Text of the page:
• If it feels important to you to put something on your Word Cloud about your body, great. I simply ask that you do it without negative judgment because that’s not going to help you. We don’t need to reinforce those neural pathways. So if you identify as fat and you can use that in a non-demeaning way, and that feels like part of who you are, awesome! Or you might feel compelled to say I have curly hair, or brown eyes, or that you’re tall or short or that you’re black or brown skinned, or perhaps a disability you live with. It’s 100% ok if physical features are part of our identity – AND we want to put this in perspective that it’s not our entire identity. 
    • No single thing in this cloud will depict your entire identity. You aren’t ever going to be only this or only that. You’re not only a mom, or only a graphic designer, or only anything else. These are all facets of who you are as a deliciously complicated human. 
  • STEP 2: Take a highlighter to your Word Cloud and highlight 5 things you’re grateful for about yourself.
    • If you didn’t have 5 things on the Word Cloud I want you to go back and build it up to at least 10-15. You might have to stretch yourself on this, but trust me it’s worth it. We need to expand your brain to realize that there are SO many pieces to who you are. Even if you have to fake it a little bit, write down at least 10-15 characteristics about yourself on your word cloud. The fact that this is challenging to you means you’re onto something important here. 
    • Now find 5 of them that you are grateful for, or that you’re willing to work on experiencing gratitude for. You might not feel that gratitude yet at your core, that’s ok. We are working on building that muscle of gratitude. I’ve seen this activity bring people to tears when they realize how much self-loathing they carry around. As hokie as this exercise might seem, if you allow yourself to lean into it with an open mind and an open heart, it will be therapeutic for you. (And come on, humor me, think about all the absurd things you’ve done in the name of health and wellness in the past. This one is pretty benign compared to some of the diet culture crap we’ve been told to do. If you can drink ACV or celery juice, or pretend that rice cakes taste like cookies, then you can pretend you’re grateful for your own character traits, am I right?)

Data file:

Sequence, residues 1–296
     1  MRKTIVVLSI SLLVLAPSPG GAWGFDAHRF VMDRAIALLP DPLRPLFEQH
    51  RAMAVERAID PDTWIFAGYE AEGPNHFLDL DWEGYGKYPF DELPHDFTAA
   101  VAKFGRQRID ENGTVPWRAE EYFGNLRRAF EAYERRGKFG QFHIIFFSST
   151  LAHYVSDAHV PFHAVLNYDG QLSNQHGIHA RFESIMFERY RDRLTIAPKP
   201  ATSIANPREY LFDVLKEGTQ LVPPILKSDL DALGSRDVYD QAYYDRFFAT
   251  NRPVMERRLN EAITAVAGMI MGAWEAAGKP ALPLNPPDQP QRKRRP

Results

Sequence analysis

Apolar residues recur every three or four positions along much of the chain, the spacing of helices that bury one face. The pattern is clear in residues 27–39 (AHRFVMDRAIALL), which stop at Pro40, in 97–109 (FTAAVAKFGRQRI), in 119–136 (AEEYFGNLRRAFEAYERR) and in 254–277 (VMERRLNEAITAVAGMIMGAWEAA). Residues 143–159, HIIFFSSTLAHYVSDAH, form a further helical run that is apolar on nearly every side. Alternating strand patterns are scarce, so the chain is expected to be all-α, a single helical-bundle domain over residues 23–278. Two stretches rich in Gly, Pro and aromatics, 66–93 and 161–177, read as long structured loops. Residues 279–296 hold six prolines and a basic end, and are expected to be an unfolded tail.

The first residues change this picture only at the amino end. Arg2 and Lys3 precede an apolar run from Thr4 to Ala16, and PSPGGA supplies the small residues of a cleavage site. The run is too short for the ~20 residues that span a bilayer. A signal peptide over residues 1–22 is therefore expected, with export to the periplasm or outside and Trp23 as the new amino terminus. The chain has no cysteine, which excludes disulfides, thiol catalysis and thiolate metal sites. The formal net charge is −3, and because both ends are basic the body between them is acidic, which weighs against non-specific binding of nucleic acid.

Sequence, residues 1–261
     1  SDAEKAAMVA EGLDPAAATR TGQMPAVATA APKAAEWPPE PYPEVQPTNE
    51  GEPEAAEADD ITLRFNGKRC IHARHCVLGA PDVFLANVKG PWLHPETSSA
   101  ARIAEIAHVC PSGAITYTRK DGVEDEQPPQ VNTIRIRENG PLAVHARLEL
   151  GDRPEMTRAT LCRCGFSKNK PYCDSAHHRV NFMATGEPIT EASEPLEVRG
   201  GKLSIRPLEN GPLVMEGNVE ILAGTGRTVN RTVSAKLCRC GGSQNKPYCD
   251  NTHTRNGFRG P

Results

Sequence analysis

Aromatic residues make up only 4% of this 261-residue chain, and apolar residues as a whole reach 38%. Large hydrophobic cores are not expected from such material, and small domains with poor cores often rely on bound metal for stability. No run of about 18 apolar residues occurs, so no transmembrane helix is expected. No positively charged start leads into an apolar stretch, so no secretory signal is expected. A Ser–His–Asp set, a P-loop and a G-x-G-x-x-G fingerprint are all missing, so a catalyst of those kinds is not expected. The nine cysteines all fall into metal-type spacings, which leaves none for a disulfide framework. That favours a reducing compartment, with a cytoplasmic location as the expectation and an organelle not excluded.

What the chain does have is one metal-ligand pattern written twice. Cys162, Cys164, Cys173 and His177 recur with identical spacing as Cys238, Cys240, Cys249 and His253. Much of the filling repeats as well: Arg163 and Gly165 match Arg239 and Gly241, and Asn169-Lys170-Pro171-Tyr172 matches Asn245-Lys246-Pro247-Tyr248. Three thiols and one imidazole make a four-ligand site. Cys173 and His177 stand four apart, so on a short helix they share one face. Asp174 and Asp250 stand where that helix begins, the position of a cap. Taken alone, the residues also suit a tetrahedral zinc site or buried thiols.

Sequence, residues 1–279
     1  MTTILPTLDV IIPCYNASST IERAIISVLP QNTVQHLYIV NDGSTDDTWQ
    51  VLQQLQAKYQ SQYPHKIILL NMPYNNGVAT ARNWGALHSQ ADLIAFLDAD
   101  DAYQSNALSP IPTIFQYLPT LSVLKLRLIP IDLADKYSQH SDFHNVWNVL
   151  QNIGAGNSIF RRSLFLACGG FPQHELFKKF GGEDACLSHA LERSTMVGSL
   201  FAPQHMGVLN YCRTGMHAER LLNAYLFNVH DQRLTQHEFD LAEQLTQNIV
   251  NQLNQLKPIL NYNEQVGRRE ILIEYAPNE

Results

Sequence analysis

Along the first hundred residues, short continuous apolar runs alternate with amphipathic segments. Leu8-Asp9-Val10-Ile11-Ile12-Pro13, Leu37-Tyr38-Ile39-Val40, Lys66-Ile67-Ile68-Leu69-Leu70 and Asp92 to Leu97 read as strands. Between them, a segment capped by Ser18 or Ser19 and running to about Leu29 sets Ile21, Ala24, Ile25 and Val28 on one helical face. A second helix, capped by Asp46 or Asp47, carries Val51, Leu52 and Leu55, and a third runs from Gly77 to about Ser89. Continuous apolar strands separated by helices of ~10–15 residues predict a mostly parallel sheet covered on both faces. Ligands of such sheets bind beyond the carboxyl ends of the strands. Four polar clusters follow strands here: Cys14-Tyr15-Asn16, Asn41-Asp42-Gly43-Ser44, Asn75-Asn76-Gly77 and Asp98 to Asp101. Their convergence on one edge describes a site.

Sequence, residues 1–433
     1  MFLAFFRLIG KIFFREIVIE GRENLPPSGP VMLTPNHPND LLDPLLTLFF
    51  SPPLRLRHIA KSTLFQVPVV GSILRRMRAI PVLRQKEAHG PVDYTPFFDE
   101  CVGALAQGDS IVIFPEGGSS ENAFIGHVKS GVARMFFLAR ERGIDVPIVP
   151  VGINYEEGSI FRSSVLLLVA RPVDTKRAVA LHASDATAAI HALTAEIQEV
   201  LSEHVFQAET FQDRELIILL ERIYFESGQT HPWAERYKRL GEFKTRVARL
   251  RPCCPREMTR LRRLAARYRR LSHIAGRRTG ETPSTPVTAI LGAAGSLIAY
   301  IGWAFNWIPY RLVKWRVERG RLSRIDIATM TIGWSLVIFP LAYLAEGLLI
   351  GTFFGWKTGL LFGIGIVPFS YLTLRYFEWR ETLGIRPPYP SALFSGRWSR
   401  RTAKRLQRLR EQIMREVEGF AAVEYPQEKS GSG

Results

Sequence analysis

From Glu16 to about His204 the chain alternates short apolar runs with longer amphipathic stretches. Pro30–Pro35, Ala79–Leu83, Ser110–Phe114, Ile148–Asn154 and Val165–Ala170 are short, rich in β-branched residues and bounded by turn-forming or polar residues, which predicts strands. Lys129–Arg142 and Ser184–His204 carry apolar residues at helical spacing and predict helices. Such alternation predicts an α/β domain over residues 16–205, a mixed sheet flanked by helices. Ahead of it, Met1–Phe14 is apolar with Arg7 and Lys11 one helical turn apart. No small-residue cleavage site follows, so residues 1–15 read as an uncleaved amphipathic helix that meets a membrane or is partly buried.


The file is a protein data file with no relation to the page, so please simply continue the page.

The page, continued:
• STEP 3: Get a bowl, put it on your table, your desk, or your nightstand – and each day write one of these things on it. By the end of the holiday season, you’ll have gratitude confetti. When you write your gratitude slip each day, take a moment to connect with WHY you feel grateful for the thing on the paper. If you feel like you want to write something different than the 5 things you initially picked, that’s totally fine if something else is speaking to you that day. Or if you want to write more than one thing that’s great. Research shows that a gratitude practice like this is wonderful for our mental health and wellbeing and it changes the neural pathways in our brains and how we view the world. 

I hope that this holiday season (and beyond!) you can connect with things to be grateful for about yourself that aren’t about your weight or your appearance. You are so much more than a number on the scale or a size on a pair of jeans. You are a wonderful person, and you have so much to offer the world – I mean it. 

With love,